Excellent, now, to finish this anecdote we will have to go back to the year 2001. It was an eventful year for many reasons; the great Sir Donald Bradman passed away aged 92, the Socceroos claimed third place at the Confederations Cup beating both France and Brazil and, most importantly, 10 year old me was taken into a Dymocks bookshop by his mother and told he could pick any book he wanted. I’m sure she was expecting me to come back with a stupid joke book or something similar – which was more of my style at the time – but not on this occasion. Instead something caught my eye on the bottom shelf on the farthest wall of the shop. After a little bit of persuading I left that book shop with my very own copy of Have A Nice Day: A Tale of Blood and Sweatsocks – the 544 page epic story of legendary wrestler Mick Foley – and I never looked back.

This was the first real insight I had into the world of wrestling and I fell in love with it instantly. The raw emotion in Foley’s words and twisted humour that he worked into his stories made it a more than memorable experience from start to finish and I still remember carrying it around with me, recounting passages to anyone who would listen. To this day I still have the same copy, though the last 15 years has left it seeing better days. Foley’s insightfully graphic accounts of the injuries he suffered, from the famous ear incident with Vader, to the infamous Hell in a Cell match with The Undertaker (most of which Mick himself didn’t remember – unsurprisingly) it showed a young wrestling fan how much punishment these competitors put themselves through and how hard they worked to get to where they were. One particular passage that stuck with me was when Foley went to see a doctor about a scan on his back – the doctor told him what he had to and asked if he had any questions – to which Foley replied he was worried about the colour of one of his discs. It was white, while all of the others were grey. The doctor explained that they were supposed to be white and that the grey colouring was from the constant physical toll that wrestling was taking on his body.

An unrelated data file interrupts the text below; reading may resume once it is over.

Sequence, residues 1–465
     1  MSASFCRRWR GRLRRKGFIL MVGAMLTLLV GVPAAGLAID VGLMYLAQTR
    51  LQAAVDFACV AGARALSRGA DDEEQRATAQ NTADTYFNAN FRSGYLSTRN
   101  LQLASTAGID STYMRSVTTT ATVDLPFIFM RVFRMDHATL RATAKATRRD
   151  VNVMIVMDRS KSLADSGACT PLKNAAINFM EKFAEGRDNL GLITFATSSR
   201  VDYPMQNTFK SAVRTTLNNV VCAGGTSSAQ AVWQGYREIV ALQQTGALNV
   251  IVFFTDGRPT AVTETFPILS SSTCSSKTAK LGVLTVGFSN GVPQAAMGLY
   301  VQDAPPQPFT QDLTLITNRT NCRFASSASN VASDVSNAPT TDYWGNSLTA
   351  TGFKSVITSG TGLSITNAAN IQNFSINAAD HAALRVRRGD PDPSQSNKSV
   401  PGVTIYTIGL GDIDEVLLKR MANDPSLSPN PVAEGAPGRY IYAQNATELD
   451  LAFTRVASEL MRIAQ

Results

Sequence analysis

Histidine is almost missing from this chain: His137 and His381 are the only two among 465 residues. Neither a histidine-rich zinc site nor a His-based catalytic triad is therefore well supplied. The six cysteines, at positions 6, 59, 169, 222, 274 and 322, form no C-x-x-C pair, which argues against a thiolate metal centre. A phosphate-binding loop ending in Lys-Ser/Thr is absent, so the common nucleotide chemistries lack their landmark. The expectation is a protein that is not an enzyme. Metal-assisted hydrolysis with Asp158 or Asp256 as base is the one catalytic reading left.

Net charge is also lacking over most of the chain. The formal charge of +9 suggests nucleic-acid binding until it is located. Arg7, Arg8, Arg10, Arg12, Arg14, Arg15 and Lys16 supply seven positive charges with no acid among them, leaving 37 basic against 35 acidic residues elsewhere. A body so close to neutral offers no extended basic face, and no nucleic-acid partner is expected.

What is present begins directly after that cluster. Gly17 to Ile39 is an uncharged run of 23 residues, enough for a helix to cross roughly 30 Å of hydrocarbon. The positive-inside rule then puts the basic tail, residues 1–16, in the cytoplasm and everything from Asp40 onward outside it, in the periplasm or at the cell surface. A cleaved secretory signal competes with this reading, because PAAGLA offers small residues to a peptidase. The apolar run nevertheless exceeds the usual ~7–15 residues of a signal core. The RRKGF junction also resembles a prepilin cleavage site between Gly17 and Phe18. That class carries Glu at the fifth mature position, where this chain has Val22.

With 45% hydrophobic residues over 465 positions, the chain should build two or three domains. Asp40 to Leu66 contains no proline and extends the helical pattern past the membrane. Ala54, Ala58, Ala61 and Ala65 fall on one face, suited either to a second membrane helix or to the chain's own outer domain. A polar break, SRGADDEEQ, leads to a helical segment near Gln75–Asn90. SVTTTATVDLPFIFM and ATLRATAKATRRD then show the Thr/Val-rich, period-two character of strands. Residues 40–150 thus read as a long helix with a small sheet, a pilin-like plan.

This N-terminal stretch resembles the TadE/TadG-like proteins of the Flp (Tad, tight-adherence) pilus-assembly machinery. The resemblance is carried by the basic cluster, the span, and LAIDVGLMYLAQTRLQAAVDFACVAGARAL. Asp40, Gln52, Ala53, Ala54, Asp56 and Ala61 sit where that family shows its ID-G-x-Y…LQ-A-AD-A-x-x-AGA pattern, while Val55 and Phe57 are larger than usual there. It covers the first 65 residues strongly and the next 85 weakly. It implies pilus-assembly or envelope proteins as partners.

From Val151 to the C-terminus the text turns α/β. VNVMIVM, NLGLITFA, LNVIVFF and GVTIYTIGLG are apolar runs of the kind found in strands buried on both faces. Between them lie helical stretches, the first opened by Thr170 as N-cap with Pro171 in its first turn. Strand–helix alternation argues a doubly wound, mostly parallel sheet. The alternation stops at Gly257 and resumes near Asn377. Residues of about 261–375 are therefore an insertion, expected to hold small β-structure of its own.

How does this finish off the anecdote from Part One? I’m glad you asked. This is one of the many stories that I used to explain my love for the wrestling industry and to justify the risks that these men and women take on a nightly basis. Some people struggle to appreciate the lengths that competitors go to – often wrestling multiple times a week – for nothing more than the entertainment of the fans and their own personal enjoyment. Professional wrestling may be a scripted story with a predetermined result but by no means can anyone say that what those men and women do is fake in any way.


This piece was originally published on May 7th 2016 at http://botchworldorder.wordpress.com

 

From the Archive: Professional Wrestling for Amateurs – An Introduction

Professional wrestling. Just the mention of those two little words can divide an entire room full of people. Whether it’s right down the middle or all against one nothing seems to divide opinion as much as wrestling. If you are out on the lash with a bunch of lads and someone says, “did you catch the fight last week?” chances are they are not talking about the Intercontinental Championship match on Monday Night Raw. The inspiration for this blog, and the series of posts that will follow in the Introduction to Wrestling series, was inspired by a situation much the same as this one.